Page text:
Yesterday was a busy fiber day. A neighbor brought over a few sample fleeces from her flock for me to scour. When she dropped the bags, I immediately took a small sample indoors to wash up just for a look at how the fleece might behave.
Louis, our Aussie shepherd, who was around our Shetlands at a very young age, followed closely, curiously sniffing the air. As I ran a pot of water at the sink, he began crying at the door. I followed, letting him out for what I thought was a potty break. While waiting for the dog, I busied myself outdoors setting up the scouring equipment. Then I looked over and found Louis situated beside the bags of raw fiber just outside the garage. Not thinking much of it, I called him in and he immediately whined and paced at the back door.
Assuming he hadn’t finished his doggy business, I took him out again and noticed he ran straight for the fleeces, plopping down beside them and looking quite proud. The sweet pup was guarding his “flock.” Talk about instincts! I finally had to put the fleeces away to manage our loyal shepherd’s sanity. A good dog and good shepherd indeedy.
Levi at RealEyes Homestead, which is a permaculture farm adjacent to our farm at DeYoung has just started doing podcasts. They’re great! And we’re particularly fond of the second ever, the story of our farm. Please take a listen and then sign up to receive additional podcasts from RealEyes.
Introducing Shetland Cotton Candy, hand-spun, hand-dyed local Shetland yarn from the farm. The roving looked so much like cotton candy, well, let’s just say, I have a great idea for next April Fools Day.
It’s currently drying, but if you are looking for the perfect yarn for a baby hat or footies, this yarn is for you. Will be available tomorrow for sale. Email for details.
Coming up July 11th from 10a to 1p – Our Sheep to Market Series has been condensed to a one day celebration of fiber. Join us at the farmhouse to learn about processing wool from sheep and alpaca to a finished end product. Participate in skirting and washing, carding, and spinning fibers on both a drop spindle and the wheel.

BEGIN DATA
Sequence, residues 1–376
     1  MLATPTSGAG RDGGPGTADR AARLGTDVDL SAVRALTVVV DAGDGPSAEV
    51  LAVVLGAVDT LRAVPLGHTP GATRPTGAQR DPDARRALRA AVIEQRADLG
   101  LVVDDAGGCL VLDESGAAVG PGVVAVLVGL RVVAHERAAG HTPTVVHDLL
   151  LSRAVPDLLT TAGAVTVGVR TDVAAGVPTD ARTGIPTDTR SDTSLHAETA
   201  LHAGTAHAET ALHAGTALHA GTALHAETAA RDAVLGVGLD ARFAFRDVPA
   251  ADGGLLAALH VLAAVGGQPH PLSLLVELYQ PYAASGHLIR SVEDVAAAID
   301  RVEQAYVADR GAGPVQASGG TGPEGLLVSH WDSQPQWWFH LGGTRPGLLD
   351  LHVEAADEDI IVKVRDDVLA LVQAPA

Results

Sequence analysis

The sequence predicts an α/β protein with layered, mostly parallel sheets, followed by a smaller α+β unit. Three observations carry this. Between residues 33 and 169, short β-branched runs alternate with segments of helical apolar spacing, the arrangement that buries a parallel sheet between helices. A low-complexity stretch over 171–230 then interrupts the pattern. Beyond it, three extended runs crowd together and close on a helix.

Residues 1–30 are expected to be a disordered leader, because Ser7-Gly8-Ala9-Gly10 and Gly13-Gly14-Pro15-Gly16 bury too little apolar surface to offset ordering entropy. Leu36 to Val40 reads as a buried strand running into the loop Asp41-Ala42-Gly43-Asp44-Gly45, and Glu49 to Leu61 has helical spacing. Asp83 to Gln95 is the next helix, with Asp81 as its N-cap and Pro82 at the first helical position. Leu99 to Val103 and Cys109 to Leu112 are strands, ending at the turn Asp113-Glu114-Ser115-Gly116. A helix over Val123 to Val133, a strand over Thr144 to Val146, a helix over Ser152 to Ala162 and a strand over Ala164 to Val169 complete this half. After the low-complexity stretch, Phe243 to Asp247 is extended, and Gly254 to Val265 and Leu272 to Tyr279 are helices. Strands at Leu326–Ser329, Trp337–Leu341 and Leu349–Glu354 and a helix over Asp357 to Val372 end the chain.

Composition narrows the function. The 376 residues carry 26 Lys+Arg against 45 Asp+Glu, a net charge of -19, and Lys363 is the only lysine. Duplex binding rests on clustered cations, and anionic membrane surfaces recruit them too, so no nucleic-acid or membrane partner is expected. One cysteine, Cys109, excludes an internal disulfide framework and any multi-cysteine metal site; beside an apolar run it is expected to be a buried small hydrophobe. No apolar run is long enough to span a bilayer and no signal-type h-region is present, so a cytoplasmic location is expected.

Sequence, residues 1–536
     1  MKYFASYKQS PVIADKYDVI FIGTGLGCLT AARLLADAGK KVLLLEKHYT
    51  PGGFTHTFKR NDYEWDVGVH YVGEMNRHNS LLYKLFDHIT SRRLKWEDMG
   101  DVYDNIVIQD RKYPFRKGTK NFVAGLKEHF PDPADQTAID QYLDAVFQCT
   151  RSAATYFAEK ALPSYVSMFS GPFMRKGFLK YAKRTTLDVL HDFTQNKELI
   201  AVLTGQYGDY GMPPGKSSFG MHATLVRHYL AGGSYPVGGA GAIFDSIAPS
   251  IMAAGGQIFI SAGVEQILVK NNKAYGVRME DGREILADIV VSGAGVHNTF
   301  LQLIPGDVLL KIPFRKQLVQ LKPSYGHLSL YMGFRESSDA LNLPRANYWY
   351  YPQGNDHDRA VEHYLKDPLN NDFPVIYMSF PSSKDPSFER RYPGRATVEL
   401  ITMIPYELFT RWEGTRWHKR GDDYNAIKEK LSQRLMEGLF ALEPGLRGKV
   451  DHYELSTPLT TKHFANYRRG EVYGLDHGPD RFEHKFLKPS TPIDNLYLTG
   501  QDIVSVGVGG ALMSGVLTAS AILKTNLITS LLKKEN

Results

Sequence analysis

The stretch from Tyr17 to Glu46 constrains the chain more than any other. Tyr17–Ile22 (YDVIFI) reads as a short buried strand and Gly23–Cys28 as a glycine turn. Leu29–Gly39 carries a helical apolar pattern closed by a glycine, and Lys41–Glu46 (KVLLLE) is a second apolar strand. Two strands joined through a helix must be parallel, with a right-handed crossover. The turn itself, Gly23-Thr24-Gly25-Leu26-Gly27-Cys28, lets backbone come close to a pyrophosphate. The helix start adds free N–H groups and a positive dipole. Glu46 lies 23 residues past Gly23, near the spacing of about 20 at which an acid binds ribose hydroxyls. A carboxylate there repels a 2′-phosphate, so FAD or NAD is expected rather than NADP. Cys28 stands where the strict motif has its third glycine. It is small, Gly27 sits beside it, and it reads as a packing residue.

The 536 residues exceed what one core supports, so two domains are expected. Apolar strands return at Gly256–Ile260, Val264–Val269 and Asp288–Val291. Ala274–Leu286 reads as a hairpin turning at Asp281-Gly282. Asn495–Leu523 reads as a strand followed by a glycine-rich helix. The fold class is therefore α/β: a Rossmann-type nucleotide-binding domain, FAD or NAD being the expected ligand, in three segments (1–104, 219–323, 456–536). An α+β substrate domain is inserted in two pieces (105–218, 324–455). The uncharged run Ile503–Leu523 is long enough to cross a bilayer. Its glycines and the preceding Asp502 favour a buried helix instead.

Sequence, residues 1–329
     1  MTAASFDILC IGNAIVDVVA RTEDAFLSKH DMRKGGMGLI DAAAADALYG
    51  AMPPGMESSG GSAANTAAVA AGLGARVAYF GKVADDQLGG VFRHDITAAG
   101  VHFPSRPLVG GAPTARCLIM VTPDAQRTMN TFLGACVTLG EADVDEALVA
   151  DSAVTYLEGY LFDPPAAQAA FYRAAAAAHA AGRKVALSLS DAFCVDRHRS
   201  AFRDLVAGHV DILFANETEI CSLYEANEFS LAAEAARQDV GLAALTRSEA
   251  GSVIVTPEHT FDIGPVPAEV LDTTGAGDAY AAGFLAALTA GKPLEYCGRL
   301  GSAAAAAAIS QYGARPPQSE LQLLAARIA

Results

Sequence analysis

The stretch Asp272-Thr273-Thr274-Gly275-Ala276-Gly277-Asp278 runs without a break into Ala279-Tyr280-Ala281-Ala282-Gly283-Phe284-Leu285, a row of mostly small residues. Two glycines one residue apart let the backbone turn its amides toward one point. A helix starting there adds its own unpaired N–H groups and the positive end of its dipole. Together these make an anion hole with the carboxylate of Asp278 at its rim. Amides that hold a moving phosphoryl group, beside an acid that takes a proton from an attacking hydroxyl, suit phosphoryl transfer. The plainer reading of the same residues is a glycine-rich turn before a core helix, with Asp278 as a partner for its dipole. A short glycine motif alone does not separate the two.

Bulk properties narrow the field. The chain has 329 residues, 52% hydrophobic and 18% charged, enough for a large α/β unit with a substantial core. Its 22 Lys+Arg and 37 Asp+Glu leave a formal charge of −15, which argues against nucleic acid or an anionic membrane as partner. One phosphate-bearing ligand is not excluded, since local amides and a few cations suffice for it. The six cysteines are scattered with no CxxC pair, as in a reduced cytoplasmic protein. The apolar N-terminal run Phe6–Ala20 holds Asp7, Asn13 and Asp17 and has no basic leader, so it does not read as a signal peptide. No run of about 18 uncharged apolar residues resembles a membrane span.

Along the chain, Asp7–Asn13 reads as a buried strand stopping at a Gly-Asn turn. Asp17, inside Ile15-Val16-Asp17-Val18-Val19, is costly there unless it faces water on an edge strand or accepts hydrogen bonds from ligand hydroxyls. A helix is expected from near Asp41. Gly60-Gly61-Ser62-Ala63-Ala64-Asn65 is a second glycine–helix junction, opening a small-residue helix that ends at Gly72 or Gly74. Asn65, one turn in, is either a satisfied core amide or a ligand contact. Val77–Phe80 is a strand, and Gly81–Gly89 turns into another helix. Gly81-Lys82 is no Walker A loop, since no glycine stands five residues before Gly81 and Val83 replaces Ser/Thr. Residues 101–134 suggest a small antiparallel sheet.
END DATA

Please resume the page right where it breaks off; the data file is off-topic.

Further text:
This workshop is FREE and open to anyone interested in learning more about fiber art, but please register via email at email@example.com. You may wish to bring a snack or light lunch.
***If you’d like a starter spinning kit, please email me for details.
While spinning some of the oatmeal Shetland fiber the other day, a wisp of brown became twisted in the first ply. I watched the contrasting colors whirl as they inched closer to the spool; an imperfection so eloquently represented. I wondered whether the two sheep who produced these colors were close pasture mates. Maybe they looked out for one another the way sheep do, or perhaps they were mortal sheep enemies. It’s hard to tell with sheep.
Regardless of their sheep preferences, here in this place of quiet meditation, with the steady hum of the drive wheel and the clinking of the hook, they have blended to create a thing of beauty; differences erased with a twist.
It is the twist that makes the yarn strong. And in the twist that morning, I discovered a subtle metaphor for family or community. Some of the fibers are short and crimped with high luster, others are long and straight. Combed, they blend into handsome roving and strengthened when brought together by the cyclical power of the wheel. We are all made more beautiful when we offer up a little of ourselves to the greater good. Especially when we don’t let our differences define us, but compliment the uniqueness in others. We are all subtle variations in hue and luster made stronger by the twist we share in common.
Local Shetland fibers, hand-spun and hand-dyed. Skeins average 160+ yards and may be dyed in a variety of colors, per your request.Natural oatmeal and brown available. Average cost per skein is between $22 and $26. Order yours in time for a holiday gift.
Send request to: firstname.lastname@example.org